II. Procedural Background

         On November 14, 2011, PCC filed a limited civil case against Lauron alleging common counts of open book account and account stated and seeking $10, 000 in damages. Using the standard Judicial Council form for “COMPLAINT-Contract, ” PCC alleged that Chase was the original creditor on the claim at issue, which had been assigned to PCC. In discovery responses, PCC indicated that its complaint was based on two credit cards, one ending in 5285 and one ending in 5274.

         Lauron filed a first amended cross-complaint seeking damages and judicial declarations that PCC (and other cross-defendants not involved in this appeal) had violated the FDCPA and the Rosenthal Act by, among other things, attempting to collect a time-barred debt. Thereafter, the case was reclassified as an unlimited civil case.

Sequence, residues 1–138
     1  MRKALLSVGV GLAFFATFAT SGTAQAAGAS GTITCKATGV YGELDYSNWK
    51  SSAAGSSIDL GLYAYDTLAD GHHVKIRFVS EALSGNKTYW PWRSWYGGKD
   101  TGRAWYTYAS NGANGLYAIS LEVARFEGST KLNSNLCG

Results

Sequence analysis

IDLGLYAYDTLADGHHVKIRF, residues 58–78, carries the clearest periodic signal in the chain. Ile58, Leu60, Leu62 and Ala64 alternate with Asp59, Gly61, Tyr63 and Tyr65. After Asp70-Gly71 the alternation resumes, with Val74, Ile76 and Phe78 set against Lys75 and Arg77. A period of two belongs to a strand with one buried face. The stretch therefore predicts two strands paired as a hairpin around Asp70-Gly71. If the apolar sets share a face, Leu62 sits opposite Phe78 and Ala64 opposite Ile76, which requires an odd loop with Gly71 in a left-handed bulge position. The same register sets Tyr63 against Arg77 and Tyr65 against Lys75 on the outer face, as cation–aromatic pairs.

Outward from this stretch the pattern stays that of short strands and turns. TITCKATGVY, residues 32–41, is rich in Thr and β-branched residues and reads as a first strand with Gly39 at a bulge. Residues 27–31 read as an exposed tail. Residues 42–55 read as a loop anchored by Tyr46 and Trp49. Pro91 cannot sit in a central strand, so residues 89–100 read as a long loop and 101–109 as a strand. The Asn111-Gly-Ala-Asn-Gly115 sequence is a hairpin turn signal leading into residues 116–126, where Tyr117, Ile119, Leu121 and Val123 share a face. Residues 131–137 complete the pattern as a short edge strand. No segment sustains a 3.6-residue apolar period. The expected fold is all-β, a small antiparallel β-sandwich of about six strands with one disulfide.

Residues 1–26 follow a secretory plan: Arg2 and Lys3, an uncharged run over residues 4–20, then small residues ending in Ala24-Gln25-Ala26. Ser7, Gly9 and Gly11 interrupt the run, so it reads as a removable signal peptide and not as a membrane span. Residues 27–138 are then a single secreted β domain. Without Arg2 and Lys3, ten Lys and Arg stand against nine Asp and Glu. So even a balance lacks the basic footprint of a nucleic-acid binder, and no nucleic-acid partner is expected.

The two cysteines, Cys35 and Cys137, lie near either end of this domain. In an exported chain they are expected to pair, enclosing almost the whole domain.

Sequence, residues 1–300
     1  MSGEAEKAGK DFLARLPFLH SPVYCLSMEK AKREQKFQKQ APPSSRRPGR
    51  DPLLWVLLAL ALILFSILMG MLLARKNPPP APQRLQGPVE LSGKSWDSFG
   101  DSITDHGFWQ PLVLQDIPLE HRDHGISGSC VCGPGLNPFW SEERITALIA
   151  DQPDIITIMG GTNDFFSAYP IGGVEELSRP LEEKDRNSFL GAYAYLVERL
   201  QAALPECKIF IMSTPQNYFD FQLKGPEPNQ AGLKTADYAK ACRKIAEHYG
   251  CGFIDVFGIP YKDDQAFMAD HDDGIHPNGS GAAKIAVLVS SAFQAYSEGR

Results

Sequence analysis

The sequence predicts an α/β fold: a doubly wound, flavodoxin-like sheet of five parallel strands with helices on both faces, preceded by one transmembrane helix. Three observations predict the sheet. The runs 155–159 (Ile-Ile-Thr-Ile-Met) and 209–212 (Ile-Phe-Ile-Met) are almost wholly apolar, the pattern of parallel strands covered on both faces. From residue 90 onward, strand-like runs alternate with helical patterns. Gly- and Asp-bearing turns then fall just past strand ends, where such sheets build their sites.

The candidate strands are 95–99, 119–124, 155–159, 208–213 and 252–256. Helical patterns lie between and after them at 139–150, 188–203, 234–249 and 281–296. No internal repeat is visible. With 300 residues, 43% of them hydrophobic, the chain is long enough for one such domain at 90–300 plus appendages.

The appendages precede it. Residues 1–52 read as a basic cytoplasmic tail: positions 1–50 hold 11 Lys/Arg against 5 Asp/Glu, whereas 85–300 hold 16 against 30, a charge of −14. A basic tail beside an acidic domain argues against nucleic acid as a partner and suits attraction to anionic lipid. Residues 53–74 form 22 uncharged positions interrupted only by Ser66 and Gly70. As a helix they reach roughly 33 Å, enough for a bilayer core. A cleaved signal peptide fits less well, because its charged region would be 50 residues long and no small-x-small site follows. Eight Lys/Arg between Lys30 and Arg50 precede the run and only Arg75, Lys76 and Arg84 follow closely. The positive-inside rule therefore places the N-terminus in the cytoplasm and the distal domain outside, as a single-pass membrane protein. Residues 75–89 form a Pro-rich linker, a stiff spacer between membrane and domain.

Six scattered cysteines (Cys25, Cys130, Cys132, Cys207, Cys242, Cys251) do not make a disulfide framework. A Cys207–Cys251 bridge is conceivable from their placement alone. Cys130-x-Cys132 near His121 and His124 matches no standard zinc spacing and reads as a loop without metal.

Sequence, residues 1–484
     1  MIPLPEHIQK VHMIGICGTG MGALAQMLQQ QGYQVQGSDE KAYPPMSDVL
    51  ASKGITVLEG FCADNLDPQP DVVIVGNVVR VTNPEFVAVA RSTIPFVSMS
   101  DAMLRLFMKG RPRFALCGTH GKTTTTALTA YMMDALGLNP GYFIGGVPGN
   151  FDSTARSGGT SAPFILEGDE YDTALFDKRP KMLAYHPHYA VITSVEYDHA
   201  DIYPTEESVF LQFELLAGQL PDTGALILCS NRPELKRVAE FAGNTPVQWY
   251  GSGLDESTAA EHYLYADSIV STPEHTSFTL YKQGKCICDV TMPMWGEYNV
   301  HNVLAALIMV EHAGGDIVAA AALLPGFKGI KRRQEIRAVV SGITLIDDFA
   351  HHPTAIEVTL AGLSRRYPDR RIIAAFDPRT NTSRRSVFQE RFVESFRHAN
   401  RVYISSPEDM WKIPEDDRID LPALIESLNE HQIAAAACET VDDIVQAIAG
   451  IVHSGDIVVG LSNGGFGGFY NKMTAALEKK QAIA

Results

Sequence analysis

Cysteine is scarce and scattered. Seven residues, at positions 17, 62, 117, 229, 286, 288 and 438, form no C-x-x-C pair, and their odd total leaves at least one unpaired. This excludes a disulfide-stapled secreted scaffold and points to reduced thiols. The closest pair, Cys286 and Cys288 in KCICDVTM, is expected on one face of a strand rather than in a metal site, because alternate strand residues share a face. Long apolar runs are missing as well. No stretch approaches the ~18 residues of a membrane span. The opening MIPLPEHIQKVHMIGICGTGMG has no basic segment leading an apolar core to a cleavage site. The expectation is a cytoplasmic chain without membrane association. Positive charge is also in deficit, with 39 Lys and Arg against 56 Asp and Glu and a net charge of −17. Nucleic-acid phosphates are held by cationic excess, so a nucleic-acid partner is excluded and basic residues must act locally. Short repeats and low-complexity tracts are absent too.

PCC moved for summary judgment on its complaint and Lauron's cross-complaint and sought summary adjudication of issues. The trial court denied those motions.

         Lauron then moved for summary judgment on her cross-complaint and PCC's complaint. On July 9, 2015, the court issued an order granting Lauron summary judgment on PCC's claims, determining that Delaware's three-year state of limitations applied and that the limitations period had expired before PCC filed suit. In the same order, the court also granted summary judgment to Lauron on her cross-claims, concluding that PCC was attempting to collect a time-barred debt in violation of the FDCPA and the Rosenthal Act. The court reasoned that, although PCC had characterized its claims as common counts, in fact, its action was one for breach of the Cardmember Agreement. In its order, the court did not mention or differentiate between the two credit card accounts at issue. The court entered judgment in Lauron's favor and against PCC on both PCC's complaint and Lauron's cross-complaint on July 23, 2015.

         PCC timely appealed on August 7, 2015.

         III. Discussion

         A. Standard of Review